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“It’s not something that we plan to do”, said the Maersk Group chief executive last week, referring to the growing clamour from shippers to drop slow-steaming and improve transit times and schedule reliability.

Slow-steaming was introduced in 2009 by carriers under the guise of a ‘saving the planet’ environmentally responsible initiative, but it was more to do with massaging their balance sheets as the price of fuel escalated.

The carriers had calculated that they could make substantial savings by reducing the service speeds of their ships to economy mode, and slow-steaming was eventually superseded by super-slow-steaming, with transit times significantly extended.

Even a master’s request to speed up his vessel to make a berthing slot was often denied as the operating control centres’ calculation of the extra cost of bunkers over-ruled the inbred desire of the master to arrive in port on time.

Thus the ‘fastest transit’ selling points of container lines were discarded for ever, we thought; but the dramatic and unexpected crash of oil prices since July 2014 has refocused attention on the advantages / disadvantages of using more slower ships in major tradelanes rather than fewer ships running at higher speeds.

Meanwhile, the world’s supertankers are sailing at the fastest speeds in over two years as charterers take advantage of lower bunker prices to ship crude oil more quickly and thus reduce the number of days on hire.

The same scenario applies in other non-container shipping sectors, where the speed versus daily hire equation is being recalculated on a bunker price of $300 per tonne compared with the $600 price of six months ago.

However for container liner shipping ocean carriers seem to be taking a conservative view that lower bunker costs could be a blip.

In fact a crystal ball is required to help predict the forward curve of the price of oil.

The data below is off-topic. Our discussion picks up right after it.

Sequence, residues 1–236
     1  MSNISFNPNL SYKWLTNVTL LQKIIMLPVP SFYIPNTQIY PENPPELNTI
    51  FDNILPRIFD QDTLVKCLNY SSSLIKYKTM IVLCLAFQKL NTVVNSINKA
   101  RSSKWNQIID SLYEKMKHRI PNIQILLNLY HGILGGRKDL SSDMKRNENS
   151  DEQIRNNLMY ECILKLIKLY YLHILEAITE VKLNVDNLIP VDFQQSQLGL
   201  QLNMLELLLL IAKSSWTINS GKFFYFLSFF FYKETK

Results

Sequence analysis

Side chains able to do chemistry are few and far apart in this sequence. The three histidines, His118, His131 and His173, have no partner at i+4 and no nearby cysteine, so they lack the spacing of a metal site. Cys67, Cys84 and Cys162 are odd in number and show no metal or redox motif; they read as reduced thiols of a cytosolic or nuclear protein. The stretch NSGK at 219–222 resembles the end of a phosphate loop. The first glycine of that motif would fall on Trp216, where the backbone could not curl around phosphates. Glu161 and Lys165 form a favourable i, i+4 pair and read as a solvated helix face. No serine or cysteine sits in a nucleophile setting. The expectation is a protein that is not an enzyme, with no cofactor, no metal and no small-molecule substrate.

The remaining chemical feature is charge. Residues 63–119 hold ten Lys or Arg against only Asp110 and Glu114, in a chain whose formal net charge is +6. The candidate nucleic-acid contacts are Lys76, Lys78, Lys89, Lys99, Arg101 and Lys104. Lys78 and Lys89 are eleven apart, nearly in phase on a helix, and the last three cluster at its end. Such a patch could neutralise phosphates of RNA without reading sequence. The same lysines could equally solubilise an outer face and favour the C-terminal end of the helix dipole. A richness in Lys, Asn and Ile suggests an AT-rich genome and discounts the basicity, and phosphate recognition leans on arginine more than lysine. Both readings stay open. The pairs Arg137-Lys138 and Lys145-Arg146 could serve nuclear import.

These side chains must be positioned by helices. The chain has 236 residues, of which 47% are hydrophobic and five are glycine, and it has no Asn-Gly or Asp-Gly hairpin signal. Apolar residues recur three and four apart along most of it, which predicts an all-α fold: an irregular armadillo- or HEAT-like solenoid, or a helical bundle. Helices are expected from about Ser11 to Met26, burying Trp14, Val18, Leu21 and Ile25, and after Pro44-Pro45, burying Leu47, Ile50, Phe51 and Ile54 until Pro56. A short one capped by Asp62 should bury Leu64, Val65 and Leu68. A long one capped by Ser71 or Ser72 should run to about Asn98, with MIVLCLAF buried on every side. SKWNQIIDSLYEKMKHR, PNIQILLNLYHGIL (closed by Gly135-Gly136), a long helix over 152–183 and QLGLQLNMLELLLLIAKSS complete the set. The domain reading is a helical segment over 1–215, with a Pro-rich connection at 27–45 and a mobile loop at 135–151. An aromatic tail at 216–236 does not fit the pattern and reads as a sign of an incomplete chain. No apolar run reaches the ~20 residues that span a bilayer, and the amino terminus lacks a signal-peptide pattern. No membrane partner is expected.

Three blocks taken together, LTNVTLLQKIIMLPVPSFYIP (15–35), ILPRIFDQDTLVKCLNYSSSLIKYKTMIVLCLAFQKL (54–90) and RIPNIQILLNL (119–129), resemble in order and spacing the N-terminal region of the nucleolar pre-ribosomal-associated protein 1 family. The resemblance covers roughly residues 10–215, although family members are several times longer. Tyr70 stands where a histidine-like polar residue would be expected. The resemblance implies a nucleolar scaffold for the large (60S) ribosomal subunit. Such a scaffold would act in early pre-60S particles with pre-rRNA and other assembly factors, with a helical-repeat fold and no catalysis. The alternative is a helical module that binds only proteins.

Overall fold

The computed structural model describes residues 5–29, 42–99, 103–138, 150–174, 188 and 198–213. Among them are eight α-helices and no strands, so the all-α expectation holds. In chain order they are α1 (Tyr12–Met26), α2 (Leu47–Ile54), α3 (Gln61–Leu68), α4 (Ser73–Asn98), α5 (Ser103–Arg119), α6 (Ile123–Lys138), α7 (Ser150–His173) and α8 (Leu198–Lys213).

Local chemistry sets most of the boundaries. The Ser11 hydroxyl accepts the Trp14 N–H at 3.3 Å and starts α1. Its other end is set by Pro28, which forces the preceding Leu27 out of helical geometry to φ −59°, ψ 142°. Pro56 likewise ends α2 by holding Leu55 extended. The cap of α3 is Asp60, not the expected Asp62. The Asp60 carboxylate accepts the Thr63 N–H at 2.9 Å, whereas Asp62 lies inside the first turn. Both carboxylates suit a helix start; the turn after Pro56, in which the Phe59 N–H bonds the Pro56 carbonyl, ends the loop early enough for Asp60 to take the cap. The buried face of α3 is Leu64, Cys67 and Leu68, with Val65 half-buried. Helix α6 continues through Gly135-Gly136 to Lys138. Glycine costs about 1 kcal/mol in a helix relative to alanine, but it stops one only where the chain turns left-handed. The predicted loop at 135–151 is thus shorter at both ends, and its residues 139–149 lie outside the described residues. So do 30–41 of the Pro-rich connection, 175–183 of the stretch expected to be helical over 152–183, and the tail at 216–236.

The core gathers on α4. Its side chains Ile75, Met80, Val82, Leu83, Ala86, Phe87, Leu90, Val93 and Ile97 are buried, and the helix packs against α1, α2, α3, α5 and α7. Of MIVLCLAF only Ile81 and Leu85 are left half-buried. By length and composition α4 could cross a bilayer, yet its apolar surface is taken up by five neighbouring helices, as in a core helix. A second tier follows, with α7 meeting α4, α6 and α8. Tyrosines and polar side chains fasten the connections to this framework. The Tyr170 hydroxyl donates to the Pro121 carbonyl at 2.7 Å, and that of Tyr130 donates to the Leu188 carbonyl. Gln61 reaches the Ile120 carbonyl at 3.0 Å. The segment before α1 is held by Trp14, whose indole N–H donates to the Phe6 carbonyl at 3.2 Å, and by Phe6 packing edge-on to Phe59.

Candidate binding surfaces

Are low prices here to stay?

Will Opec make a volte-face and cut production?

Will low prices drive oil producers out and thus cut supply?

Indeed, analysts can make a strong case for either oil crashing further to say $20 per barrel, or conversely shooting back up and beyond to $200.

There are just too many variables and in truth nobody is confidently predicting what a barrel of the ‘black stuff’ will cost in six months’ time.

Moreover, changing the service speeds would require a “fundamental change in the company’s network” and be “costly and complex”, according to Maersk Line’s chief executive, Soren Skou.

Mr Skou said this would involve terminating and renegotiating a variety of agreements and, not least, finding employment for the surplus ships; which is no doubt the biggest issue.

Shipping analysts have calculated that slow-steaming keeps more than 1.3 million teu, around 7% of the world’s cellular fleet, employed due to the requirement for extra ships in service loops to compensate for longer transit times.

So, what would happen to these vessels; and what about the tsunami of ultra-large newbuilds due to be delivered this year?

Another factor is that Maersk and its peers have less interest in providing a premium service product and, in the case of the Danish carrier, its Daily Maersk product has been abandoned for a one-shoe-fits-all commoditised service.

To quote the Kuehne + Nagel chairman at JOC’s TPM conference in Long Beach this week, shippers, including K+N, are currently paying a “discounted price for discounted services”.

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  • Hariesh Manaadiar

    March 06, 2015 at 4:53 am

    Having been in the industry several years, I personally do not know of any shippers who are prepared to pay extra freight just so that their cargo reaches destination in time..

    There maybe some JIT delivery customers who look for the fastest transit time, but on a 10000 TEU ship for example if they have about 10 TEUS, the shipping lines are not likely to speed up to accommodate these 10 TEUs..

    It is natural that any shipping line will sail at the speed that is most economical for them..